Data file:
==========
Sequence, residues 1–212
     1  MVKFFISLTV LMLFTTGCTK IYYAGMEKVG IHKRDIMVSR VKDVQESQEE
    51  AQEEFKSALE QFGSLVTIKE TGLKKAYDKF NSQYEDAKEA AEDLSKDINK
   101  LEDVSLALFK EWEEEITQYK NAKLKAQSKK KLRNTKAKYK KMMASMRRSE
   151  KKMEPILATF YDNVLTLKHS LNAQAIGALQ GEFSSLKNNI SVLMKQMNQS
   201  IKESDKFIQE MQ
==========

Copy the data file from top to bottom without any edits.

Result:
Sequence, residues 1–212
     1  MVKFFISLTV LMLFTTGCTK IYYAGMEKVG IHKRDIMVSR VKDVQESQEE
    51  AQEEFKSALE QFGSLVTIKE TGLKKAYDKF NSQYEDAKEA AEDLSKDINK
   101  LEDVSLALFK EWEEEITQYK NAKLKAQSKK KLRNTKAKYK KMMASMRRSE
   151  KKMEPILATF YDNVLTLKHS LNAQAIGALQ GEFSSLKNNI SVLMKQMNQS
   201  IKESDKFIQE MQ